Sarah Oh: Going Her Own Way
Sarah Oh has always done things her own way and that is why it is no surprise to learn that the Sydneysider has shunned the two main tours, the LPGA and the European Tour, to forge a career on the Korean circuit.
It has been a steep learning curve for the Korean born but proud Australian, a tour where she didn’t know anyone but at least spoke the language.
Sarah Oh (Credit: Anthony Powter)
“At first I struggled because I lived all my life in Australia,” she said.
“I didn’t have a lot of friends over there because I arrived in Australia when I was 5 or 6 years of age and I went to school all my life here.”
“I am the only Australian on the tour but it is great now because I have made a lot of friends who help me out, travelling wise.”
“They are very friendly and it is a great tour.”
After battling on the secondary Korean Tour for two years, Oh earned her stripes to the main game the hard way, a gruelling ten qualifying rounds of golf with the final days played in cold and windy weather.
“It was just horrendous,” she said.
“Fortunately I putted really well which helped a lot. I was 12th after the third round and I didn’t play too well the fourth round and I thought I just missed out but luckily I just got in.”
The 24-year-old now has conditional status on what is arguably becoming the toughest circuit in women’s golf, and has just one aim for the season ahead.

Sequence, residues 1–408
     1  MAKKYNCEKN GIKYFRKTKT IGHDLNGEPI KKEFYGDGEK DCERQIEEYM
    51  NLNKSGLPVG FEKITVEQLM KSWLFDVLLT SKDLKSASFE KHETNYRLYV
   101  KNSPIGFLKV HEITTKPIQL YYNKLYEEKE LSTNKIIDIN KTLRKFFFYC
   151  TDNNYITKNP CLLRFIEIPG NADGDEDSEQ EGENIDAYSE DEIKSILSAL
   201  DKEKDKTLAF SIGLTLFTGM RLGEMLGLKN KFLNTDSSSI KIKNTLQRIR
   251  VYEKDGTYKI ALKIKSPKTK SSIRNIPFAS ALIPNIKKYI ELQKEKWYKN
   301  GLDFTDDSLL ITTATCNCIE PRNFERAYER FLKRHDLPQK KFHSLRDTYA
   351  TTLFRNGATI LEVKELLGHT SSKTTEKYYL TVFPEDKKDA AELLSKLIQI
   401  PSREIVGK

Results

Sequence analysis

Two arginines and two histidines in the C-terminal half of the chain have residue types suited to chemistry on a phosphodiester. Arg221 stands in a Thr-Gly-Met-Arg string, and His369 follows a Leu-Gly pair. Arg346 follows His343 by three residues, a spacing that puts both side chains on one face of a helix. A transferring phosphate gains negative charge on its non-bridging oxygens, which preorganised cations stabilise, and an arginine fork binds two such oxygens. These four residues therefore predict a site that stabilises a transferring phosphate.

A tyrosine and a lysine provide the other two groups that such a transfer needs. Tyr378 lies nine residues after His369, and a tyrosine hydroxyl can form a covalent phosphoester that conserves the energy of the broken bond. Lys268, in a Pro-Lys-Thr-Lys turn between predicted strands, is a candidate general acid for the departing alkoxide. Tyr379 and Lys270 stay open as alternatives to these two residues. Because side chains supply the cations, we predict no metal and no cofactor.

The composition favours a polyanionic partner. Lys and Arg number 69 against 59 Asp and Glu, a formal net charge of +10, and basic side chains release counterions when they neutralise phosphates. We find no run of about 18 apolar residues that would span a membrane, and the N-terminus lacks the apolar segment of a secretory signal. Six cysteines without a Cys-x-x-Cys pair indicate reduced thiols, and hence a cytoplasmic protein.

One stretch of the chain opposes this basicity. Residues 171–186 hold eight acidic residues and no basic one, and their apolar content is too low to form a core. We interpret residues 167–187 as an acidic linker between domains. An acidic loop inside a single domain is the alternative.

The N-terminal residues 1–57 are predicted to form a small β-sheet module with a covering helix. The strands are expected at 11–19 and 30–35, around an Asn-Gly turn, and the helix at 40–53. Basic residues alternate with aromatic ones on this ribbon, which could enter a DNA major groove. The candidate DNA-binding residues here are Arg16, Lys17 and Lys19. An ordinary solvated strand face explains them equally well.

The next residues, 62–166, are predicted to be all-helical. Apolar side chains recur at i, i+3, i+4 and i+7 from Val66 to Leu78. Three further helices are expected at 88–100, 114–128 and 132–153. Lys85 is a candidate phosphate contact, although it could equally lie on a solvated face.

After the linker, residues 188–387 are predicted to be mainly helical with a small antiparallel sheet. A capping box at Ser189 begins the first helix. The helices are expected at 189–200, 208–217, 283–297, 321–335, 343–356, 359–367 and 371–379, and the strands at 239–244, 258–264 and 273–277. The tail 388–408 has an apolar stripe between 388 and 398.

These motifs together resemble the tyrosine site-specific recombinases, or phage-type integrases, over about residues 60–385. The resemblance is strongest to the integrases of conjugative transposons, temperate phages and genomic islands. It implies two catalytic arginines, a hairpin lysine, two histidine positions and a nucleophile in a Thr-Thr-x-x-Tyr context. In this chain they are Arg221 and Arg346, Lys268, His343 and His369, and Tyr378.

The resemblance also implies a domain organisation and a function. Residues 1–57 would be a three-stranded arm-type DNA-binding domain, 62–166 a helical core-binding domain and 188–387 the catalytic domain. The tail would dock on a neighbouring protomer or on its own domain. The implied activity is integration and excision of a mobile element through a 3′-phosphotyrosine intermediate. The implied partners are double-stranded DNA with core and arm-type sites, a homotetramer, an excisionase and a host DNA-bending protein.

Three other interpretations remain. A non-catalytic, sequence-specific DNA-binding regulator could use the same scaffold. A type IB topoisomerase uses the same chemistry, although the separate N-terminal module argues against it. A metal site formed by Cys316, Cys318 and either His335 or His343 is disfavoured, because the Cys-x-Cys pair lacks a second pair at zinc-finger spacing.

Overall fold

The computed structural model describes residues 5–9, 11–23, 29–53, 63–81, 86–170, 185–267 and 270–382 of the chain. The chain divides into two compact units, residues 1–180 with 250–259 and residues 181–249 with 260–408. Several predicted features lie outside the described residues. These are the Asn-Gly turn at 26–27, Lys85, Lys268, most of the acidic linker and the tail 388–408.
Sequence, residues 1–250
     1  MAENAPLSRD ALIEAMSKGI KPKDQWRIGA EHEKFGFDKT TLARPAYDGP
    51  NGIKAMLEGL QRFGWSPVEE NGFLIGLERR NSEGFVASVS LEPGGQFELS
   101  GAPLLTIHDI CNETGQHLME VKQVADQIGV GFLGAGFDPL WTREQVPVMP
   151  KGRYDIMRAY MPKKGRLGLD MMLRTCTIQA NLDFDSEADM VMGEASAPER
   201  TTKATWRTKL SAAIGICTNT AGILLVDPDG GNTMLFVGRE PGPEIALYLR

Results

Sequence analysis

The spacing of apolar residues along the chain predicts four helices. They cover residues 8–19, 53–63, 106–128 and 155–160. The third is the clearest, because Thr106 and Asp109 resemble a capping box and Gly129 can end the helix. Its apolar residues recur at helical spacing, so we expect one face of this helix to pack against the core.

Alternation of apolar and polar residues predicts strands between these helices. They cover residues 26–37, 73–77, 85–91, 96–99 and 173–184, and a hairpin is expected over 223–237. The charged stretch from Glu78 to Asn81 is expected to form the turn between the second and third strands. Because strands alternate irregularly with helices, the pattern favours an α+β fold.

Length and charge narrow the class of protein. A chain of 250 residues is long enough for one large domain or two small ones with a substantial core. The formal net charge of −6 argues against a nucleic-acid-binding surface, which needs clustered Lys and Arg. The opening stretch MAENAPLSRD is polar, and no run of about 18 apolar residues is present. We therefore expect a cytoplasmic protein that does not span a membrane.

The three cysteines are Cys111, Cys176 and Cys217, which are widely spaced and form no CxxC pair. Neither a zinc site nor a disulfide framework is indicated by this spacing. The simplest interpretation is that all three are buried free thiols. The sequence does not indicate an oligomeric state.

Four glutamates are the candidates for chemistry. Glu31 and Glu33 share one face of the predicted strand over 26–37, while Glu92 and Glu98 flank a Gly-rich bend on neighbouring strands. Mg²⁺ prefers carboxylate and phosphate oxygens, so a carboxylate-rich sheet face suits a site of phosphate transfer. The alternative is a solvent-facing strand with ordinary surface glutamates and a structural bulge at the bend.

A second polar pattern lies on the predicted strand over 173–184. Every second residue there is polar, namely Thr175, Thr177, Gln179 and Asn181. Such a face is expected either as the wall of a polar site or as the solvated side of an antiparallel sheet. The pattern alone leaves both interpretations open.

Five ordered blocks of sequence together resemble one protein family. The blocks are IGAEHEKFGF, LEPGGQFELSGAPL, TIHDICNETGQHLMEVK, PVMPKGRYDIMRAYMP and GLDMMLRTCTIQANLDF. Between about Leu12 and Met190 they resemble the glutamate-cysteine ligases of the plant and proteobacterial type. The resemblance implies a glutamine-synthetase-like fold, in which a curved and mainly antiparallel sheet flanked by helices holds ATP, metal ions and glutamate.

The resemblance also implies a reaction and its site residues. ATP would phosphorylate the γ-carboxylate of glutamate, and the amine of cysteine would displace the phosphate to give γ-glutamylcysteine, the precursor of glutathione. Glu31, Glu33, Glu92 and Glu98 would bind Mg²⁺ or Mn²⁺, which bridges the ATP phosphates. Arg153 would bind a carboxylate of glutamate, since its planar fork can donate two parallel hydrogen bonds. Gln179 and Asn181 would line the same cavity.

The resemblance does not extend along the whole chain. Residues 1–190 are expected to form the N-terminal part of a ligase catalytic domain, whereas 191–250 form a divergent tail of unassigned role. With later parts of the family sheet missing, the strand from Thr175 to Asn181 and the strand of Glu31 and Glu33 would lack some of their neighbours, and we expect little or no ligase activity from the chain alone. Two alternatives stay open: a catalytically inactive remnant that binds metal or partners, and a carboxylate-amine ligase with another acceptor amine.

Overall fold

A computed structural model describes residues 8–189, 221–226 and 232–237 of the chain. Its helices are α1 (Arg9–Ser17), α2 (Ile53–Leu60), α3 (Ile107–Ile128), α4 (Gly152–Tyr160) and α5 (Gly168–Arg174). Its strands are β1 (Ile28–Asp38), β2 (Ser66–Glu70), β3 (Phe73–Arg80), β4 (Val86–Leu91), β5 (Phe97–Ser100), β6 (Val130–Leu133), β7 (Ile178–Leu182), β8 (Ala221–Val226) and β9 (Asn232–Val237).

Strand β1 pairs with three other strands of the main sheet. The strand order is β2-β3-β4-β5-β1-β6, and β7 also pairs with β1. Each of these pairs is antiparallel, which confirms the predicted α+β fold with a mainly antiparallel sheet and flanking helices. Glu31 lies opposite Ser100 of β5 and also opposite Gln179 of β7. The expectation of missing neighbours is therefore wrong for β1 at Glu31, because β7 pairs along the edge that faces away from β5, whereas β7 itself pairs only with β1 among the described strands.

“My goal is to keep my card on the Korean Tour, my first year on there, so if I could keep it that would be great,” she said.
“It would be nice to try and and have some good finishes but we’ll see.”
Oh has always had the game of a winner. She went back to back in the Bing Lee Samsung NSW Open in 2009 and 2010 and was also an outstanding junior, winning the Australian Amateur in 2005 as a 17-year-old.
But she admits the past year has been very lean.
“I struggled last year on the secondary tour, even in Australia I didn’t have a good year. I was struggling a lot with my game, a bit of everything,” she said.
“I didn’t lose it is as such. It is just that the previous years everything just came all good together.”
“But recently it has been if this works then my putting won’t work or if my short game works my putting doesn’t work, just those little things.”
Oh has been putting in some solid hours with her coach Paul Latham at Sydney Olympic Park before her Korean season starts next month.
“I feel it is starting to come back a little,” she said. “I can’t say it is 100 per cent but it is getting better – hopefully it will work out.”
Oh says the strength of the Korean Tour has only made her game better. She regularly practices at the Korea Sky 72 Golf Academy with some of the world’s top ten players including current number three, Na Yeon Choi.
“I have a lot friends and great players that I can learn off in Korea which helps,” she said.
For the moment Oh is happy to play the Korean Tour but may head over to Japan in a few years’ time. The USLPGA is also another tour she may target but it is not on her immediate radar.
“At the moment I am really happy with the Korean Tour and I really enjoy it over there,” she said.
“You don’t have to fly everywhere in Korea which is great, you just have to drive from tournament to tournament.”
“I am feeling confident about the year ahead because I am playing a lot better than last year. It is going up, not down so hopefully I will have a good year.”